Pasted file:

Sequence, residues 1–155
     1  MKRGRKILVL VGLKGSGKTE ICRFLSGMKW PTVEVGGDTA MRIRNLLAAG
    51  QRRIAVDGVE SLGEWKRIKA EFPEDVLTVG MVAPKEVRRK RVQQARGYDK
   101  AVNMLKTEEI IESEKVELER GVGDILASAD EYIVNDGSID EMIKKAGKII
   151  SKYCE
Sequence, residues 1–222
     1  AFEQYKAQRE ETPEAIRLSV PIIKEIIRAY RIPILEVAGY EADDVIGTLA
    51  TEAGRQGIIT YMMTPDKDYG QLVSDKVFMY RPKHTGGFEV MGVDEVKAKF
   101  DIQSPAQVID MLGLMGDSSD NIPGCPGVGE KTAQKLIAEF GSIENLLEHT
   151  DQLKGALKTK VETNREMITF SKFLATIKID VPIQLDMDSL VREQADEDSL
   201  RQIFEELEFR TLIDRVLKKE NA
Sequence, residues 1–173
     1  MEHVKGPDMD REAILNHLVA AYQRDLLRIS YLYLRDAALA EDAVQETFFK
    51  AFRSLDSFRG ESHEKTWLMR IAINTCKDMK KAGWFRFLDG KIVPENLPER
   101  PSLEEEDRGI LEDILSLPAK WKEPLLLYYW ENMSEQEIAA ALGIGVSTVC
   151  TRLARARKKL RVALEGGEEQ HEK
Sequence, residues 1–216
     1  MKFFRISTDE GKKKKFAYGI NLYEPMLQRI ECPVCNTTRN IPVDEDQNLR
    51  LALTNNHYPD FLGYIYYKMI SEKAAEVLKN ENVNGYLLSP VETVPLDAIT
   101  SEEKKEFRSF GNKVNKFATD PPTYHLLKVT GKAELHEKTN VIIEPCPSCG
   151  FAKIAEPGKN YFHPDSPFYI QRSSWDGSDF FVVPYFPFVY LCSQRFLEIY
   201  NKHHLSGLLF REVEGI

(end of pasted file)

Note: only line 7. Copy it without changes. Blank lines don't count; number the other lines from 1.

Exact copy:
     1  AFEQYKAQRE ETPEAIRLSV PIIKEIIRAY RIPILEVAGY EADDVIGTLA